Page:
I hadn’t considered drones as actors on an entertainment stage. These patents from Disney are eye-opening, especially the idea of using “flocks of drones” in a coordinated dance. The word flock makes me imagine drones that communicate to each other as they fly, but even if it’s only a flock that’s controlled by an operator on the ground it’s still awesome.

Glass: A Low Fidelity Prototype

I was fortunate enough to have been recently invited to participate in some early product discussions for a new application Hearst may be working on for Google’s Glass. It’s all very hush-hush, but I think it’s ok to share this much. I haven’t had access to the new hardware, so I did a mockup for myself, and wore it around my house, imagining what sort of messages and images I would welcome if they appeared just above my line of sight. Here I am, in all my serious, scientific goofball glory:

Low fidelity prototype for Glass applications
Low fidelity prototype for Glass applications

Let Me Track Myself, Too

Firefox is introducing this “Do Not Track” preference setting in its new release.

Opting out of tracking may be a solution for some, but it’s not for me. I don’t want opting out to be the only action I can take! If advertisers are interested in people like me, I want to know about it. Maybe they have a product I’m going to like.

I want two things:

  1. Precision. If advertisers are going to run their business around tracking me, at least I want them to count me in the right groups. I want them to know everything they need to know about people like me. But not more. As long as I’m part of a large enough group of people, go ahead and track away. I know that doesn’t give me a guarantee of privacy, but the horse has already left the barn. If advertisers improve their tools, and use larger samples, it’s more likely they won’t be able to tell me apart from the other members of the group.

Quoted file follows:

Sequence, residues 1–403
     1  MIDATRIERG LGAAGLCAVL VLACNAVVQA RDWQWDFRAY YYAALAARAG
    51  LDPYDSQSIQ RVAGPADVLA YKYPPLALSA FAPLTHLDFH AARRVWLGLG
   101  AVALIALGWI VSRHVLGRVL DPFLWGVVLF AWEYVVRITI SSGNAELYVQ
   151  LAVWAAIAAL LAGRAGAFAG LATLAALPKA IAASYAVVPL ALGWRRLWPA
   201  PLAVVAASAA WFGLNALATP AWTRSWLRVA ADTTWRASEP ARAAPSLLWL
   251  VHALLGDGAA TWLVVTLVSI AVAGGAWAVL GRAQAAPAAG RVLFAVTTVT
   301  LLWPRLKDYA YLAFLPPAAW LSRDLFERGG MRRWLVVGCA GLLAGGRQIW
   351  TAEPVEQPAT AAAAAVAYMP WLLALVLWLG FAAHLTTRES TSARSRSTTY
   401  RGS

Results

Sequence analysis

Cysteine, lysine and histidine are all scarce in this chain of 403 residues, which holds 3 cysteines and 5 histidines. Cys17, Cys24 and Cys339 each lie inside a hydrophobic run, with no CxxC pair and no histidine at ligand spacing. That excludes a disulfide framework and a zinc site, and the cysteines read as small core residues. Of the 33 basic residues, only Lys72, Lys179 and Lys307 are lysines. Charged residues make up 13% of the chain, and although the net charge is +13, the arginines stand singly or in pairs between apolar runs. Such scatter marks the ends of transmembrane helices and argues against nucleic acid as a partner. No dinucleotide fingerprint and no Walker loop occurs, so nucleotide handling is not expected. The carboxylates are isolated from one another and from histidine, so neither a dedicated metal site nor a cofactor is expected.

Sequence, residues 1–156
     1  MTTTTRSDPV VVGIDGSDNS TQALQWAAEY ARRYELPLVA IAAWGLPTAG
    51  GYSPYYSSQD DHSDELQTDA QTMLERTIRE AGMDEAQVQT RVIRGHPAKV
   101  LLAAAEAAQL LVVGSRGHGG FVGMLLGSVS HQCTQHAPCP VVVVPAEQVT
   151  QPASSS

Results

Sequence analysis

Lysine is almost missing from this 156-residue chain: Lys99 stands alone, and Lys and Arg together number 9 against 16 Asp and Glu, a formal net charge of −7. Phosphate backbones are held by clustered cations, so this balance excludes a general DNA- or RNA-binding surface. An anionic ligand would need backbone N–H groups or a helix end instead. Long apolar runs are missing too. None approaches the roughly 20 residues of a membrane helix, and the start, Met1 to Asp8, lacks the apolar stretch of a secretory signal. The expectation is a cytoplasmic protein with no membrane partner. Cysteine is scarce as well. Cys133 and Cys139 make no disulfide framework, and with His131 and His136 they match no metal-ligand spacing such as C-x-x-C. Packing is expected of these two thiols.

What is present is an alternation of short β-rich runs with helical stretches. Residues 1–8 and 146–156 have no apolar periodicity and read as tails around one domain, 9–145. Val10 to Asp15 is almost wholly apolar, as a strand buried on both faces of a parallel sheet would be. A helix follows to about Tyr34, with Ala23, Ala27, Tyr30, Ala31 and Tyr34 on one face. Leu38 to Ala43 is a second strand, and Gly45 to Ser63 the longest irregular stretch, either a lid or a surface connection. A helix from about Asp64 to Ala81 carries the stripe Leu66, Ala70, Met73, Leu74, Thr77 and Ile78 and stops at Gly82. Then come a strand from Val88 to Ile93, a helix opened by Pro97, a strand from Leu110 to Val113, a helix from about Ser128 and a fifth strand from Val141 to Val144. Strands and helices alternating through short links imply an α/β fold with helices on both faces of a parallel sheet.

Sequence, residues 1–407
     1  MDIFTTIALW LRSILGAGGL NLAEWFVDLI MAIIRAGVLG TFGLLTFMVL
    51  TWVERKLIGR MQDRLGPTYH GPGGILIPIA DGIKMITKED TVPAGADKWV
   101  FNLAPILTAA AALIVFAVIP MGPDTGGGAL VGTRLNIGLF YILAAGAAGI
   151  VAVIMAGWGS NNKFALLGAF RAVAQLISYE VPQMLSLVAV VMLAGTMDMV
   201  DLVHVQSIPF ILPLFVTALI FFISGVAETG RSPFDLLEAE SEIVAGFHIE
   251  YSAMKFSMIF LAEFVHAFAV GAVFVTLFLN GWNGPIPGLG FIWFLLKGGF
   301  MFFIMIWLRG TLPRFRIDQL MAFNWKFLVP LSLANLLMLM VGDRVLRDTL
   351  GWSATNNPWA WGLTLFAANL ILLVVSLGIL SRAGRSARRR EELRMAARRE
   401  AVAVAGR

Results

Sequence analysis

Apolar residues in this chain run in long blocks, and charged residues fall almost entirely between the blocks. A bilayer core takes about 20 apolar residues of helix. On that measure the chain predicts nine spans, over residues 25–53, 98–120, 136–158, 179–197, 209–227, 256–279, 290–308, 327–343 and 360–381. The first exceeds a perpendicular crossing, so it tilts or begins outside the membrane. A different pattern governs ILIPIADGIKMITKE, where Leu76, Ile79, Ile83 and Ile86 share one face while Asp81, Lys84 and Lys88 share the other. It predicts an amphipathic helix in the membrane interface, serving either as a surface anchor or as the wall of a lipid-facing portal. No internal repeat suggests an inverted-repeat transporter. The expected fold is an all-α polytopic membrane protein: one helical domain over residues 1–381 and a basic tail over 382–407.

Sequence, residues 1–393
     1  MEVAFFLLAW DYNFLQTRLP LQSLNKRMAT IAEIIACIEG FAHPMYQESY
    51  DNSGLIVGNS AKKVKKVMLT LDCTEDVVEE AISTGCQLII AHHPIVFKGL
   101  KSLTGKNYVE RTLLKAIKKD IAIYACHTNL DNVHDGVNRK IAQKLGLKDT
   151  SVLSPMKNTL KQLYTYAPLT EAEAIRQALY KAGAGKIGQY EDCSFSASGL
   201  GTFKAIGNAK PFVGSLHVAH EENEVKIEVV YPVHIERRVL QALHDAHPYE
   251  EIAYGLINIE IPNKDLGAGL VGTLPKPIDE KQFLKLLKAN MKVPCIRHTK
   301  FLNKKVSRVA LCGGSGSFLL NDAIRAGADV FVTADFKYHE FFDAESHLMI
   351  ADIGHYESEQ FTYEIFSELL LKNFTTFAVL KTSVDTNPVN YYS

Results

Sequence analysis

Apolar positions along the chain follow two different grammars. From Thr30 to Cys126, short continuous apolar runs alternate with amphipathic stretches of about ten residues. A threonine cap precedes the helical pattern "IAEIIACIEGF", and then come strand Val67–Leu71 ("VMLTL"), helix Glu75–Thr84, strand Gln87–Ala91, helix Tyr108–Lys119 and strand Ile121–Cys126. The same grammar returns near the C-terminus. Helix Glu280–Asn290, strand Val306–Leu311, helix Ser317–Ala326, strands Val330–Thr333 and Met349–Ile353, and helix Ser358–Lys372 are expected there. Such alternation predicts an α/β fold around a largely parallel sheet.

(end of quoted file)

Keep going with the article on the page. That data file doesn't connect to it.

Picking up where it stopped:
2. I want to know what the advertisers know about me. I want to see what exact information I’m giving to advertisers. This is difficult, I know, because where’s the motivation? Advertisers won’t do it unless they’re mandated, and as long as consumers aren’t feeling pain from the lack of transparency, they aren’t motivated to call for it. Instead of only offering an option to hide myself from advertisers, I want my browser to tell me “This is what Google/Doubleclick/some-other-ad-network knows about you, Darlene” and “This is the information that Alexa has gathered about you over the years, Darlene”.

What Could Google Do With Twitter?

If Google bought Twitter, they could start adding some of the Wave features into it. I’d like to see this.

Wave beta was a mess of features, not really a product. It was more of a grand scale focus group than a launch. The Google creators sat behind the glass and watched us as we publicly brainstormed how their new technology could work in our real world. They watched us flail and sink. Most people couldn’t get their heads around it.

Twitter has grown into a nice, searchable neo-public microblogging platform. It was careful, restraining the features, but also trying new things.

Twitter’s threading and messaging are sub-optimal. I wonder what wave-like collaborative threading would be like in Twitter.

I wonder what it would be like to be able to see people composing their tweets in realtime.